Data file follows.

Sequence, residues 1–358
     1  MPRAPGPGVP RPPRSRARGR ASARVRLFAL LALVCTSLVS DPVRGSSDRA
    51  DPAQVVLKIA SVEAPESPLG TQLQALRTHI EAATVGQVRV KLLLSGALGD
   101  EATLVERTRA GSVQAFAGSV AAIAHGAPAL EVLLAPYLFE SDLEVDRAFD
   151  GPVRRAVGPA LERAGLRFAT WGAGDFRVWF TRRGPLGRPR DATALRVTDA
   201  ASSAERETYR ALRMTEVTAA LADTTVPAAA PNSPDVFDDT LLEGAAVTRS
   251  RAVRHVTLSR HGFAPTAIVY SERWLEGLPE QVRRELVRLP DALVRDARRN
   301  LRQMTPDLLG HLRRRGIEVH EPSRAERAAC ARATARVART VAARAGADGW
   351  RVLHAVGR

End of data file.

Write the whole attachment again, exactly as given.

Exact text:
Sequence, residues 1–358
     1  MPRAPGPGVP RPPRSRARGR ASARVRLFAL LALVCTSLVS DPVRGSSDRA
    51  DPAQVVLKIA SVEAPESPLG TQLQALRTHI EAATVGQVRV KLLLSGALGD
   101  EATLVERTRA GSVQAFAGSV AAIAHGAPAL EVLLAPYLFE SDLEVDRAFD
   151  GPVRRAVGPA LERAGLRFAT WGAGDFRVWF TRRGPLGRPR DATALRVTDA
   201  ASSAERETYR ALRMTEVTAA LADTTVPAAA PNSPDVFDDT LLEGAAVTRS
   251  RAVRHVTLSR HGFAPTAIVY SERWLEGLPE QVRRELVRLP DALVRDARRN
   301  LRQMTPDLLG HLRRRGIEVH EPSRAERAAC ARATARVART VAARAGADGW
   351  RVLHAVGR